Spain had become a leading political and military power in Europe, and Madrid’s fortunes mirrored those of the country. Spain formed the Iberian Union with Portugal in 1580, which resulted in unification of the peninsula and added Portugal’s resources to the Spanish crown. Sadly, prosperity preceded a fall. Spanish dependency on gold and silver imports, the expulsion of Moors and Jews from Spain, and the rising inflation rate combined to cause a series of financial crashes and bankruptcies in Spain.

Philip III rose to power in 1598. In 1618 Spain entered the Thirty Years' War. Three years later Philip IV was crowned king. During his reign Portugal and Catalonia rebelled. The crown lost Portugal, and Catalonia was suppressed. Spain’s power waned under the rule of Charles II, Philip's son. The Habsburg dynasty became extinct in Spain, and power passed to the Bourbon dynasty.

The geniuses of El Greco and Cervantes flourished during this era. Many works of architecture testify to the grandeur of the age. These include the Town Hall, designed by Gomez de la Mora, the Plaza Mayor, built by Philip III in 1619, and the Casa de la Panaderia. The Plaza Mayor is a monumental square, which was the centre of Habsburg Madrid. Nine vaulted gateways lead into the square. The 16th Century Palacio de los Vargas, located in the Calle del Sacramento, contains a number of interesting relics.

Bourbon Madrid

The first Bourbon king of Spain was Philip V. In 1715 this monarch of French origin signed a law that revoked most of the historical privileges of the various kingdoms united under the crown. They were unified under the laws of Castile. Politically and culturally Spain became a follower of France. Under Charles III Spain was governed by the laws of enlightened despotism. As a result a new prosperity came about in the mid-18th Century. Madrid became a truly modern city, and Charles is remembered today as one of Spain's most popular kings. During the American Revolutionary War he managed to regain much of the territory Spain had lost to France in the Seven Years’ War.

Sadly his blaze of glory was extinguished by his son Charles IV, whom some believed to be retarded. His policies overturned many of Charles III's reforms. The son of Charles IV, Fernando VII, led the Mutiny of Aranjuez against him. Meanwhile Charles’ hesitancy on the issue of being a French ally led Napoleon to invade Spain in 1808. The Peninsular War broke out. Under the Bonaparte dynasty Spain was unable to adopt Enlightenment ideals and did not embrace the industrial revolution of the 18th Century, and as a consequence fell behind Germany, France and Britain in political and economic power.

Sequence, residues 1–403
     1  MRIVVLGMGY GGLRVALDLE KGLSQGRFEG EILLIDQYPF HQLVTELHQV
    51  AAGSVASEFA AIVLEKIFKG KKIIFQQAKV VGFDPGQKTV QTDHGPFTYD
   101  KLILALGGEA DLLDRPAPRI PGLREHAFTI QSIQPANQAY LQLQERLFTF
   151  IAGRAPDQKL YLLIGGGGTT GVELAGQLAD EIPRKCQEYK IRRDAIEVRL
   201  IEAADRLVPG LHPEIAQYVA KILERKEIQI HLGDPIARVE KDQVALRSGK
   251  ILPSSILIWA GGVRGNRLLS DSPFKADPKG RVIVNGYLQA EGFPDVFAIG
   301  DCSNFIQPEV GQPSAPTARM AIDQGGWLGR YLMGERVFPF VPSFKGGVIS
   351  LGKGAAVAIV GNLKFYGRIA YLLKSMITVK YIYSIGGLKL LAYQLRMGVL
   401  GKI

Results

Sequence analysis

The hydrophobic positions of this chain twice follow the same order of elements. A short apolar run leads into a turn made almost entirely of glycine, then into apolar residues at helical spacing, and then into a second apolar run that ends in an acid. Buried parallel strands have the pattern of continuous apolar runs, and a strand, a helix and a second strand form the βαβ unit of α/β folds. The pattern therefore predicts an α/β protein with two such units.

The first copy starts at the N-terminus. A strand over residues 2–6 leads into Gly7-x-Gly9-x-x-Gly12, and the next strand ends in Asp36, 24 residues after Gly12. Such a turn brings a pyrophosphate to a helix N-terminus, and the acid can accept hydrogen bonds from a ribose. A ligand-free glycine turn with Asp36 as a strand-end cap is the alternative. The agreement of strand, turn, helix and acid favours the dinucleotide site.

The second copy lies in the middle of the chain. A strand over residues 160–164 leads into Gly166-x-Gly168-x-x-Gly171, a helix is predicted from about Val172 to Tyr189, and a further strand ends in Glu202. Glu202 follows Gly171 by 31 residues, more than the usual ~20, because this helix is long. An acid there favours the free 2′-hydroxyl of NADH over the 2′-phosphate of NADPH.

Spain freed itself from French rule during the war of independence in 1814, and Fernando VII acceded to the throne. After a military revolution the king was forced to adopt the constitution. A period of alternating liberal and conservative governments followed; it ended with the coronation of Isabel II in 1830.

Madrid in the 20th and 21st Centuries

The first conflict that arose during the reign of Isabel II resulted in the First Spanish Republic and later the return of the monarchy. The establishment of the Second Spanish Republic followed. In 1936, the Spanish Civil War broke out. Madrid suffered the most of all Spanish cities. Its streets were battle zones. After July 1936, Madrid was a stronghold of the Republicans. Its western suburbs were the site of a heavy battle in November of that year, when nationalists attempted to take over the city. After that, Madrid was under siege for almost three years. It surrendered in March 1939. During the Civil War, Madrid was bombed by planes specifically targeting civilians, the first city to enjoy this dubious honour.

Under Franco, the south of Madrid became an industrial zone. There was an influx of migrants from the rural areas. The southeastern periphery of the city was transformed into a slum, which became a base of active political and cultural movements.

After Franco’s death the newly established democratic parties accepted the former dictator’s wish to be succeeded by Juan Carlos I to ensure order and stability. This established Spain as a constitutional monarchy, a position it holds to this day. Madrid reestablished itself as the leading economic, industrial, cultural and technological centre on the Iberian Peninsula in the 1980s.

In recent history, the city suffered from a horrible terrorist attack on March 11, 2004. Massacres of such magnitude had not been seen since the civil war. ETA was the first to be blamed, but later it turned out that the attack had been the work of Islamic terrorists. The investigation yielded inconclusive results.